David Bourget (Western Ontario)
David Chalmers (ANU, NYU)
Rafael De Clercq
Jack Alan Reynolds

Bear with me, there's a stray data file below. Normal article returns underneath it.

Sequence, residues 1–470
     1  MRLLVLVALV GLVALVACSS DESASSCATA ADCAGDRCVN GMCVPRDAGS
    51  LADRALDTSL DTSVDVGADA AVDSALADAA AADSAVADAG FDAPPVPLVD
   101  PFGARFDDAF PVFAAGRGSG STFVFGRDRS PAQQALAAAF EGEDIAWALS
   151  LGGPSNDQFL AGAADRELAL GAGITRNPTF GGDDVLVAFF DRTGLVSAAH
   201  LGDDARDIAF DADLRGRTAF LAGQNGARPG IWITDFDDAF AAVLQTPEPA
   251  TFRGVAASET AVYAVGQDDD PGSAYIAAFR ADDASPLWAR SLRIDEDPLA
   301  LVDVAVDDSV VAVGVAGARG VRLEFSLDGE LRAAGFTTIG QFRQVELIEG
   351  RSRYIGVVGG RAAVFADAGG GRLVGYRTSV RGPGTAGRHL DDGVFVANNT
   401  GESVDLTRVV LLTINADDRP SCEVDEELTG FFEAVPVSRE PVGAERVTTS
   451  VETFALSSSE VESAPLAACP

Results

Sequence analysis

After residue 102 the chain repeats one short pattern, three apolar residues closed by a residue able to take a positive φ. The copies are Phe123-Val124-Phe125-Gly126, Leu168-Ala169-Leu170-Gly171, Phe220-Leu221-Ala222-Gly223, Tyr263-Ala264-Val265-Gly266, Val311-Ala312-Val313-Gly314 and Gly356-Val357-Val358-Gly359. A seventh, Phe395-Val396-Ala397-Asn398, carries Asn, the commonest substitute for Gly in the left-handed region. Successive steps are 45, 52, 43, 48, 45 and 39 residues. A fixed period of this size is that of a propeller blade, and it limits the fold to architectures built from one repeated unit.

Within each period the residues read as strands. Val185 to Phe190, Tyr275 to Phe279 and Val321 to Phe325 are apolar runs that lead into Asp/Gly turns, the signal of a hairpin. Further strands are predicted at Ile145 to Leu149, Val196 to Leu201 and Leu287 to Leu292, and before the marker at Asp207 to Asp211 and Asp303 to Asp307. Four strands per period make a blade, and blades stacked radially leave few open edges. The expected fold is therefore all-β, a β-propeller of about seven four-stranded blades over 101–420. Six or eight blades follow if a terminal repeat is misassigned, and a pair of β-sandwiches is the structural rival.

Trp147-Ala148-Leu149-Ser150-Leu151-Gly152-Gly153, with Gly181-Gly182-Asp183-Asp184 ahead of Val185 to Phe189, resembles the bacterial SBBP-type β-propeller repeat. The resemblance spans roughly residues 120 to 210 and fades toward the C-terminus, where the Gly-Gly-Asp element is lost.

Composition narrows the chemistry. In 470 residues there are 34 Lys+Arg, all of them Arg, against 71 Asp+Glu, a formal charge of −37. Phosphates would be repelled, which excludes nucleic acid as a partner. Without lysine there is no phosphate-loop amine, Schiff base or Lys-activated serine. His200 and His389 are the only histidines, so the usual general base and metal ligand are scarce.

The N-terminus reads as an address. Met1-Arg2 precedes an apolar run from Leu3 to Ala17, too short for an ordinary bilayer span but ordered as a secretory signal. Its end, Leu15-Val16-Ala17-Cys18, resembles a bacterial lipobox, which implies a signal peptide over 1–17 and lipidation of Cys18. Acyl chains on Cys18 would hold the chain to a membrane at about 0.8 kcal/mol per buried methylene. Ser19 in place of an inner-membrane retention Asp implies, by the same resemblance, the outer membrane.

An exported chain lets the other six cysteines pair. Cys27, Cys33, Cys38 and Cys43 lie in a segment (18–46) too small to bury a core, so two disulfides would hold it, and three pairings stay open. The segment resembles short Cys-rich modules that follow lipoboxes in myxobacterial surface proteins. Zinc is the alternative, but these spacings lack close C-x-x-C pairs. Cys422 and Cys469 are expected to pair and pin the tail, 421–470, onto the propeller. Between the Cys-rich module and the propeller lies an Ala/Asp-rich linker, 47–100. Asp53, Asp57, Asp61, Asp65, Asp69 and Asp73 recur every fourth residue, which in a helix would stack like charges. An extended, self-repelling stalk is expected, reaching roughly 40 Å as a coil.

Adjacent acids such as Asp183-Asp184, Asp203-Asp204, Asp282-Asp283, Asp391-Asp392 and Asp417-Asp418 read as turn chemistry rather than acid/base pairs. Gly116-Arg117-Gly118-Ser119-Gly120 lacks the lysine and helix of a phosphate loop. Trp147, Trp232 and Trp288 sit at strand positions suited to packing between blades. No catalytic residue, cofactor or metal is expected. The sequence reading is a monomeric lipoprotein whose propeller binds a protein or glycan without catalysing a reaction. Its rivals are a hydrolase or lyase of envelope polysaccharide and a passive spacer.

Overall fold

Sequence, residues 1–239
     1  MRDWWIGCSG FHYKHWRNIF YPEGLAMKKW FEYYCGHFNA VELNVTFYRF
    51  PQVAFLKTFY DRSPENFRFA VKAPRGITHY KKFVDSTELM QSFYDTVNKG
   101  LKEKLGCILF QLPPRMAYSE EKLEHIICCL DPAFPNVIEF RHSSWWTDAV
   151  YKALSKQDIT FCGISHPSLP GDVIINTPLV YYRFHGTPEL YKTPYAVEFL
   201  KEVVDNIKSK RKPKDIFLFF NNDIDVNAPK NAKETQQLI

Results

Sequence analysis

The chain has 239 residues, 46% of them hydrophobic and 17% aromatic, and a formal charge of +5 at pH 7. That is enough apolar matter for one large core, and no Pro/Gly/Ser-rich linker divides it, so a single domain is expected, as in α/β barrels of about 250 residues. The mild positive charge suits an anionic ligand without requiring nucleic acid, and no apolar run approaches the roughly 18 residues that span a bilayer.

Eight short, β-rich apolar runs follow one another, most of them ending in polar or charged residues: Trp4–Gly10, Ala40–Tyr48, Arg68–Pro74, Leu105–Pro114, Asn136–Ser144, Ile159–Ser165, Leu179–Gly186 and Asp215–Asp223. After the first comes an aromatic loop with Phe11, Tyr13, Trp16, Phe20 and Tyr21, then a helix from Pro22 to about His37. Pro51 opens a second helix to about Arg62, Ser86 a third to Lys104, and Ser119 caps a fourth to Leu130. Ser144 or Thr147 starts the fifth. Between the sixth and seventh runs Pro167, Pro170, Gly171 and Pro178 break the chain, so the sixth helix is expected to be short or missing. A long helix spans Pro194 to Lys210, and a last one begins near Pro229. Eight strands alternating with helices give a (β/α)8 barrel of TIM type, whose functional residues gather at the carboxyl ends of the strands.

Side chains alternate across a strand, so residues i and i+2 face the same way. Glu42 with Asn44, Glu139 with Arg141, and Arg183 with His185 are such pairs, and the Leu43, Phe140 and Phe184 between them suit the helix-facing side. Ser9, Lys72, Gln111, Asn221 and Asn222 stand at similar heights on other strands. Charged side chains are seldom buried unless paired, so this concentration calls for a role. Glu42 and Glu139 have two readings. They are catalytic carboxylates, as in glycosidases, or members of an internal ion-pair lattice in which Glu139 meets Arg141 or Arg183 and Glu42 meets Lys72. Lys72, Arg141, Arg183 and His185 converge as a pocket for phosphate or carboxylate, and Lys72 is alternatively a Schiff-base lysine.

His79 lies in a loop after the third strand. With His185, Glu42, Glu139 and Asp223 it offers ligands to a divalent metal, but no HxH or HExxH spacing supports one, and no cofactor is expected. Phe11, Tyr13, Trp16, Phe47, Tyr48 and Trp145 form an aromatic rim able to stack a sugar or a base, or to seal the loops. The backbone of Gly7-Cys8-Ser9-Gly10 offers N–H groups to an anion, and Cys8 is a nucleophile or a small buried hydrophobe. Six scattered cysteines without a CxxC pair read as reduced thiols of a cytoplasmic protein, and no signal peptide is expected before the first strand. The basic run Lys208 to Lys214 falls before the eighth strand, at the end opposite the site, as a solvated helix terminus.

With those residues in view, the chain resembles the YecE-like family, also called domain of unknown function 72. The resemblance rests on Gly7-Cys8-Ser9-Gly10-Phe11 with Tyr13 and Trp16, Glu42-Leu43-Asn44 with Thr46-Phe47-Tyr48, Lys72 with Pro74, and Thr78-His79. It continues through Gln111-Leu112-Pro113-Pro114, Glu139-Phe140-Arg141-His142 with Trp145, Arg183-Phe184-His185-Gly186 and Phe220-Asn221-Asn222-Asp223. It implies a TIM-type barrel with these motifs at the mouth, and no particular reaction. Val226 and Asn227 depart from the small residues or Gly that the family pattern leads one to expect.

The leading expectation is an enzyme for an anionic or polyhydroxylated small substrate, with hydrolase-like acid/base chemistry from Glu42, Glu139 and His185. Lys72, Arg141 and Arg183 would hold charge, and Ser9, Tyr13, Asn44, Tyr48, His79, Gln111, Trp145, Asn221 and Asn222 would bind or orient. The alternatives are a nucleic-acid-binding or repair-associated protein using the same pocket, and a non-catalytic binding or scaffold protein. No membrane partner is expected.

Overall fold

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The most widely repeated retributivist argument against the utilitarian theory of punishment is that utilitarianism permits punishment of the innocent. While defenders of utilitarianism have shown that a publicly announced policy of punishing the innocent is unlikely to serve utility, critics have insisted that utilitarianism morally obliges officials to deceive the public by framing the innocent. Yet philosophers and legal scholars have heretofore failed to test this claim against the writings of the theory's originators. We directly examine the writings of Jeremy Bentham and other eighteenth and nineteenth century utilitarians and demonstrate that the originators of utilitarian penology clearly opposed both punishment of the innocent and deception of the public. We argue that utilitarianism originated as a legal theory that emphasized several institutional conditions for the public pursuit of utility, including security of person and property, legality, legislative supremacy, democratic accountability, publicity and transparency. These institutional conditions would preclude both systematic and ad hoc framing of the innocent. We show that the original utilitarians considered individuals incompetent to determine and pursue the public welfare, and that the contemporary conception of utilitarianism as an ethical standard governing individuals is a modern innovation. Bentham's theory of punishment did not derive from any general ethical theory. Bentham, like his chief forebears Hume, Helvetius and Beccaria, thought of public utility as a standard of value for public action, such as legislation. He assumed that private action was ruled by self-interest (i.e. private utility) so that there was little point in directing arguments about the general welfare to individual ethical actors. In assessing public action, Bentham was far less concerned about consequences than has generally been supposed and far more concerned about process. He identified utility with security of expectations and the rule of law. As a consequence, he endorsed public actions that could be seen to have emerged from a rational and well-informed debate about their consequences for the public welfare. Utility was not a definition of the good or a guide to conscience, but a standard designed for use in public, deliberative debate. Utilitarianism was not so much a philosophical theory as a rhetorical practice, understood as a transparent language of analysis and argument for use in political deliberation.We elaborate the procedural conditions presupposed by utilitarian discourse, beginning with Bentham's commitment to a conception of legality involving legislative promulgation of formal rules faithfully applied by rigidly constrained bureaucrats and judges. Next, we demonstrate Bentham's commitment to democratic representation of the public in devising legislation. Finally, we emphasize Bentham's commitment to publicity in government decisionmaking. Utilitarian policy required public scrutiny of all decisions and the information and reasons considered in making them. In sum, Bentham's utilitarianism was primarily concerned with the problem of how to design government so that it could accurately identify and faithfully pursue the public good while being openly seen to do so. It follows that Bentham's utility principle does not require him to endorse deceiving the public and framing an innocent person.
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